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Towing with my specific MJ- What changes need to be made?

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So I HAVE read several threads on here and have done some internet searches, so please be gentle.


Specifically, I found these threads to be helpful:








So I am looking to tow a rally cross car about 20 miles on secondary roads about 7x a year. The car weighs about 2480lb. in stock form, but it has been stripped to under 2200lb. and will continue to decline to about 2100lb. The car will be towed on a dolly. It won't go over 40-45mph, and the roads are relatively flat. I won't have a lot of gear in the truck so additional payload will be minimal.


The truck is an '88 longbed 4x4 4.0L AW4 (Auto) with 94K. It has no modifications.


I intend to change the brake pads/shoes, flush the brake fluid, and change the F&R differential fluid. The trans fluid and oil have been changed regularly.


As far as the rear bumper, I have the Fey/Westin factory replacement, which I bolted directly to the frame rails by re-drilling the rails to match the bumper holes and the bumper has been installed using all new hardware. I intend to either look for a receiver hitch or (at a minimum) to create triangular tie-ins from the hitch ball to the frame rails, and will add rings for safety chains to the rails.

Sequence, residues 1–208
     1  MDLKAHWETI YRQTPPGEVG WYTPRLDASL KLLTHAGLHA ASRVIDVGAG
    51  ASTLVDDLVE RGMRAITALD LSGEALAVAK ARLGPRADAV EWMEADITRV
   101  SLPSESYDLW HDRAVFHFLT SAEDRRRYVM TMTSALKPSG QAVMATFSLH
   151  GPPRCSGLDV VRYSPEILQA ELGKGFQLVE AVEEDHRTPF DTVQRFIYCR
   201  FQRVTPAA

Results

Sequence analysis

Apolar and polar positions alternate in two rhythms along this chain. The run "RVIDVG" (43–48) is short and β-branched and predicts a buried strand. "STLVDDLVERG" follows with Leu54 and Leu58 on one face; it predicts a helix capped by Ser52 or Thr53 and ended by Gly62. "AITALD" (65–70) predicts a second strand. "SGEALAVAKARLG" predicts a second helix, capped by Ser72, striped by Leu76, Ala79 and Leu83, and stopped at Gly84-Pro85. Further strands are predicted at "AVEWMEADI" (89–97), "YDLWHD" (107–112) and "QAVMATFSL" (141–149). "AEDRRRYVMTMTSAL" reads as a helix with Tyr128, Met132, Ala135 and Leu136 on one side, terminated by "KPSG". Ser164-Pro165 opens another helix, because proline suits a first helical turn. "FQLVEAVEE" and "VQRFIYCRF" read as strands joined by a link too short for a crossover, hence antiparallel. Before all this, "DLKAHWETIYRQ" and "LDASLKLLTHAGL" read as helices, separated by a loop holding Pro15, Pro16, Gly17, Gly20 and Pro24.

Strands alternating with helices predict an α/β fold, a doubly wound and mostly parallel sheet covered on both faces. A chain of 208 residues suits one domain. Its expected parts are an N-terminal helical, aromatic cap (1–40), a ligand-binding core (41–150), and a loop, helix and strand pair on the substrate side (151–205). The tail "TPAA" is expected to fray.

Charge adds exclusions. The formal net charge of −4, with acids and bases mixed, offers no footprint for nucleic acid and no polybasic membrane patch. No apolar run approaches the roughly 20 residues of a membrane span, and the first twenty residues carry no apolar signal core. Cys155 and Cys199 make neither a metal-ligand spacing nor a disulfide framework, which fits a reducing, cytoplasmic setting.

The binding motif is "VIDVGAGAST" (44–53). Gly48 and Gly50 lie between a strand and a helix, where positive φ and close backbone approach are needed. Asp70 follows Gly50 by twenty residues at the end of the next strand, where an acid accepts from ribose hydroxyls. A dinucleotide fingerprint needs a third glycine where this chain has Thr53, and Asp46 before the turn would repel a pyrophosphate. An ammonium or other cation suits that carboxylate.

So with the estimated total amount being towed at 2500lb., what do I need to do to make the vehicle more tow-worthy?


Thanks in advance.

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I've never seen a dolly with brakes. For a 2500 pound vehicle going 20 miles, I think that's overkill.


I've towed an XJ on a VERY oversized 4-wheel car trailer behind a shortbed MJ, and I've also towed a complete longbed MJ on a dolly behind the shortbed MJ. The dolly was no problem at all -- without dolly brakes. The XJ on the car hauler was, because it was raining and the trailer kept trying to push the MJ under braking. (The trailer had brakes, but it was borrowed and the electrical connector didn't match my vehicle.)


Don't forget that a longbed MJ with the Metric Ton package is rated to carry 2200 pounds of payload in the vehicle. I don't think another 300 pounds makes a lot of difference.

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I am not familiar with every tow dolly ever manufactured. Only two, Roadmaster and Acme. The Roadmaster has electric brakes and the Acme has surge brakes. And yes, for a 20 mile trip dolly brakes are overkill, unless somebody pulls out in front of you or a kid, animal runs out into the road. Also many people use dollys for more than a 20 mile trip. Try going down Graneros hill, Monarch Pass or Wolf Creek with a car on a dolly pushing you. You will not only wish you had dolly brakes but also a ton of bricks to drag. Also several states and Canadian provinces require them.

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About 1974, my dad and I flat towed a Corvair Rampside truck with a full cab over camper, total weight 4,000 lbs behind a 1964 Chevy Impala Wagon with a 283 V8 and powerglide automatic. The engine moved the load, with some protest. The Wagon had 9.5 inch drum brakes at all 4 wheels. We dragged the Corvair camper more than 300 miles home (and over the 4160 ft. Tejon Pass). Not a very good Idea, but we drove slowly and allowed a ton of room for stopping distance. Even then we did not have to make an emergency/panic stop. If we did, we would have been toast.